Apple Computer is coming out with a third Intel-based Mac, a revamped Mac Mini using Intel's single-core Core Solo Chip.
Taking the stage at the company's well-publicized product announcement on Tuesday, CEO Steve Jobs said, "We've got some fun things to introduce today. Sort of medium-scale things."
He said the new Mac Mini is two and a half to three times faster than the G4 Mac Mini. The company will also offer a dual-core version that's roughly five times faster, he added.
"We think this is going to be a strong product for us," Jobs said.
Apple also announced its own brand of leather iPod cases, available in mid-March for $99, as well as a high-end speaker, the iPod Hi-Fi, on sale today for $349.
Jobs announced two models of the Mac Mini. One, for $599, has a 1.5-GHz Intel Core solo processor with a 60GB hard drive, combo drive that plays DVDs and burns CDs and 512MB of memory. The other, which goes for $799, has a 1.67-GHz Core Duo processor, an 80GB hard drive, 512MB of memory and a SuperDrive that burns CDs and DVDs. Both will be available starting today.
The new Mac Minis go from Fast Ethernet to Gigabit Ethernet and has double the number of USB ports, said Jobs, who stood before the audience wearing his trademark black mock turtleneck and jeans. The Mac Minis will also come with Apple's Front Row software for watching movies, listening to music or viewing photos from across the room using a remote control. Consumers will also be able to view shared videos and photos.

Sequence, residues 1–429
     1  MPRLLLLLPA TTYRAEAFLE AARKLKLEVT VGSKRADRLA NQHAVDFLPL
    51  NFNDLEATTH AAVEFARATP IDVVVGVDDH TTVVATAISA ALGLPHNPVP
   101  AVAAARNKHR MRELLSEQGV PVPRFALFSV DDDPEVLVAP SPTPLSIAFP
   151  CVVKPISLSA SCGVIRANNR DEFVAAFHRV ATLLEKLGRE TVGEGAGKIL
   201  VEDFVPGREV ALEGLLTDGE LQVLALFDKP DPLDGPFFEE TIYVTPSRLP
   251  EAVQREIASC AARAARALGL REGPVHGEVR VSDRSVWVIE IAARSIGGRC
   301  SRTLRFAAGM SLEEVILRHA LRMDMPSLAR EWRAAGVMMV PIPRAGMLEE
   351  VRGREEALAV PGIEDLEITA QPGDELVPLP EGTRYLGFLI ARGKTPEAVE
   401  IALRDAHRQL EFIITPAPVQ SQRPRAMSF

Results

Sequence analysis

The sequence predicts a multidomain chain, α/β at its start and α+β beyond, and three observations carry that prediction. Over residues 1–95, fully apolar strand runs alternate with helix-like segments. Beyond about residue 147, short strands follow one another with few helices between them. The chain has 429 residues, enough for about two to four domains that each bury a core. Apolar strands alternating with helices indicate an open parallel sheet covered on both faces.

Jobs demonstrated a new feature of Front Row that allows users to stream music that's stored on a nearby computer using Apple's Bonjour technology for automatically discovering resources on a network. Jobs noted that Bonjour used to be Rendezvous, but that Apple had to change the name of the technology due to a trademark spat.
Apple confirmed last week that it planned to introduce some "fun new products" on Tuesday but declined to say more about what those products might be.
In an e-mail sent to journalists, the company merely said the invited scribes should come to Apple's Cupertino, Calif., headquarters to learn more.
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